The Slovenia Times

Up for a Major Challenge


Presenting his cabinet's goals and the measures with which it plans to achieve them, Janša said the goals were set in a way that would enable constant measuring of success.

The government's programme is based on three key goals: consolidation of public finances, stimulating economic growth and creating new jobs.

The consolidation of public finances will not entail structural changes or a reform but an adjustment "the state must make in order to retain the functioning of its vital systems and subsystems" and the functioning of a "law-governed, fair welfare state".

He said the country needed to face reality and the first step in this direction would be a supplementary budget cutting public spending by 10%.

Slovenia's ability to take out new loans is extremely limited, as budget deficit had exceeded 44% of GDP at the end of last year and was now near to 50% of GDP. "The difference here is two billion euros," he said.

Merely cutting the costs will not be enough, Janša said, adding that measures stimulating the economy would be "equally or even more important".

The first group of measures will create a more stimulating business environment by first tackling payment defaults, especially in cases where the state is the investor and then by simplifying zoning procedures.

In addition, any legal dispute involving small and medium sized companies should be solved within a year, which is "the European norm we will try to catch up with", Janša said.

Another priority will be reducing financial burdens for businesses by reducing labour costs, introducing tax breaks for investments and gradual decreasing of corporate income tax by one percentage point a year.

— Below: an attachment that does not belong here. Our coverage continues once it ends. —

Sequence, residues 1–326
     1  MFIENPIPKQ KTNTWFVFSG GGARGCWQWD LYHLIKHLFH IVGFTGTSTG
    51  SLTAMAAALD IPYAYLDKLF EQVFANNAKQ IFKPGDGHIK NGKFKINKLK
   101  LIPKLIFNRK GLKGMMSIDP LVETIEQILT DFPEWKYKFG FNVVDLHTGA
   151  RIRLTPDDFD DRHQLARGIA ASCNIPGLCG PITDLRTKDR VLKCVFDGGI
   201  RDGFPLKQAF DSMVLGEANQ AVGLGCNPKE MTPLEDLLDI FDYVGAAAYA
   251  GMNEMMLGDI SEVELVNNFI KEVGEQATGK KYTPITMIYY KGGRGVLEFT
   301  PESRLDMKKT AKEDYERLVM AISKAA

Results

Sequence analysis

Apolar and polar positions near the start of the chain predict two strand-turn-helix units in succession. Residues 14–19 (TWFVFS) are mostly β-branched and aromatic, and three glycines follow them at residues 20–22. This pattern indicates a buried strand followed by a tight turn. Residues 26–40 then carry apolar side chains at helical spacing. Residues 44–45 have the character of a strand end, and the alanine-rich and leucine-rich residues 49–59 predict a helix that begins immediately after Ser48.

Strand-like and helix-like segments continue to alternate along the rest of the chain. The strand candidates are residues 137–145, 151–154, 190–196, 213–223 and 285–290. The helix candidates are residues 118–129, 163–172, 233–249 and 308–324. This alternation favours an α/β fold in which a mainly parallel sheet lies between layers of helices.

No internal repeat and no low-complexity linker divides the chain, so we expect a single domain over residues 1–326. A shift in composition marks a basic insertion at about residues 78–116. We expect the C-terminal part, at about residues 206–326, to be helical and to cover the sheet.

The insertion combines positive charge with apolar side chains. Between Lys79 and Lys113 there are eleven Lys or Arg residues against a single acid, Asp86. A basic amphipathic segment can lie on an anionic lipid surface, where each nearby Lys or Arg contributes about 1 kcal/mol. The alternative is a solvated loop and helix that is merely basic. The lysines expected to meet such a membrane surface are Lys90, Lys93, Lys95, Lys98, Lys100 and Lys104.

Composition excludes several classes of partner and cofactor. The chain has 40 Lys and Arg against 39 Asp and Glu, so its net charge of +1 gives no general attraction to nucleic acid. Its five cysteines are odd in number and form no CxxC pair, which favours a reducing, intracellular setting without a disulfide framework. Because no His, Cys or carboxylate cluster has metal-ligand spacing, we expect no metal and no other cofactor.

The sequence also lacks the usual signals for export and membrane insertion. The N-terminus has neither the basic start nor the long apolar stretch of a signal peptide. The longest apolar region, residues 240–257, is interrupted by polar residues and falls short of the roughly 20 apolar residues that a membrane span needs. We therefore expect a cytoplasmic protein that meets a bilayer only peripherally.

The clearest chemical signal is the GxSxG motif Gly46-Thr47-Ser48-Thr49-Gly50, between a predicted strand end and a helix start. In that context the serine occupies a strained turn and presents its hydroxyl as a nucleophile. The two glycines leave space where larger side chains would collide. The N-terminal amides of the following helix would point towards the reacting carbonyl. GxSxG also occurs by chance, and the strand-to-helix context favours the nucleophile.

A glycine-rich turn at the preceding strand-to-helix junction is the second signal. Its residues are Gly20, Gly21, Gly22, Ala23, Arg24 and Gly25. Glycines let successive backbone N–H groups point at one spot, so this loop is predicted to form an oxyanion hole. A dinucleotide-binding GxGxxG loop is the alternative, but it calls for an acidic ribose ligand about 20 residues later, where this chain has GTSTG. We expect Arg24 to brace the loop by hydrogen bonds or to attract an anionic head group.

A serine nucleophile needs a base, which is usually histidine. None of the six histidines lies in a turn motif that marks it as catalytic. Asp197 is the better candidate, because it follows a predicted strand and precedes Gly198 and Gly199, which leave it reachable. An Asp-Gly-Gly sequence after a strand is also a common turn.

"Slovenia desperately needs foreign investments," Janša stressed, adding that foreign capital must not be perceived as a "threat to national interests".

Without foreign investments, economic growth and the standard of living will be that much lower, recession that much deeper, the number of the unemployed that much higher etc., he warned.

The third set of measures will aim to ease the credit crunch and create new jobs. "Urgently needed is restructuring of the banking system and easier access to financing for businesses, especially small and medium sized companies."

Janša sees the strengthening of the middle class as crucial for long-term consolidation of public finances and greater prosperity.

He pointed to some anomalies in Slovenia detected by the Organisation for Security and Cooperation in Europe (OSCE) during the 4 December snap election, such as inequality among electoral districts and a lack of oversight in the financing of campaigns.

"Some things simply do not belong into a civilised state," he stated, adding that "there is no point in accusing our allies of interfering in our internal affairs". He was referring to the criticism of the comments by US ambassador after the general election.

He pointed out that the incoming government was the smallest in Slovenia's history, which showed that the executive branch of power would make savings from the top down.

He reiterated that a new social agreement for equal distribution of burdens would be offered to social partners, while the opposition would be invited to cooperate in a partnership for development.

"The government wants to take key steps in consensus. That is why we must all be aware of the situation and nobody must force the government to come up with the money that is not there."

He is confident that his team would lead Slovenia to a path of normal development. "I think the entire Slovenia deserves this opportunity."


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